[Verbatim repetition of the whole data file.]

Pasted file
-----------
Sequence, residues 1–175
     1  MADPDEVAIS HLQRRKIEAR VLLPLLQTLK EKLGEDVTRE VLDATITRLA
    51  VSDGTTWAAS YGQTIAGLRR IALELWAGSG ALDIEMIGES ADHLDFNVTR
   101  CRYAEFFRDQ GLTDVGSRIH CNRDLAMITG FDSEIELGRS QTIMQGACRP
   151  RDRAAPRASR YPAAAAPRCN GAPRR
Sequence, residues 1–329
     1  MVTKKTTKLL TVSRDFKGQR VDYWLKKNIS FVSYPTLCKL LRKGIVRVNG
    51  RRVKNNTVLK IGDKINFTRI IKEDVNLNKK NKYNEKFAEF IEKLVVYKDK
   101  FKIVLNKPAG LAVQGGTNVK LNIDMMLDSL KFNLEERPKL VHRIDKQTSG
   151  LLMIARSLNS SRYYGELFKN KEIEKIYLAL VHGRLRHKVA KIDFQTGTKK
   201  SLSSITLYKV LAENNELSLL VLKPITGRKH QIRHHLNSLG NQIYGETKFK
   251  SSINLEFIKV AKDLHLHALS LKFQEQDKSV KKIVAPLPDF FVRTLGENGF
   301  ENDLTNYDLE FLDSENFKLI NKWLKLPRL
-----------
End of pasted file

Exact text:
Sequence, residues 1–175
     1  MADPDEVAIS HLQRRKIEAR VLLPLLQTLK EKLGEDVTRE VLDATITRLA
    51  VSDGTTWAAS YGQTIAGLRR IALELWAGSG ALDIEMIGES ADHLDFNVTR
   101  CRYAEFFRDQ GLTDVGSRIH CNRDLAMITG FDSEIELGRS QTIMQGACRP
   151  RDRAAPRASR YPAAAAPRCN GAPRR
Sequence, residues 1–329
     1  MVTKKTTKLL TVSRDFKGQR VDYWLKKNIS FVSYPTLCKL LRKGIVRVNG
    51  RRVKNNTVLK IGDKINFTRI IKEDVNLNKK NKYNEKFAEF IEKLVVYKDK
   101  FKIVLNKPAG LAVQGGTNVK LNIDMMLDSL KFNLEERPKL VHRIDKQTSG
   151  LLMIARSLNS SRYYGELFKN KEIEKIYLAL VHGRLRHKVA KIDFQTGTKK
   201  SLSSITLYKV LAENNELSLL VLKPITGRKH QIRHHLNSLG NQIYGETKFK
   251  SSINLEFIKV AKDLHLHALS LKFQEQDKSV KKIVAPLPDF FVRTLGENGF
   301  ENDLTNYDLE FLDSENFKLI NKWLKLPRL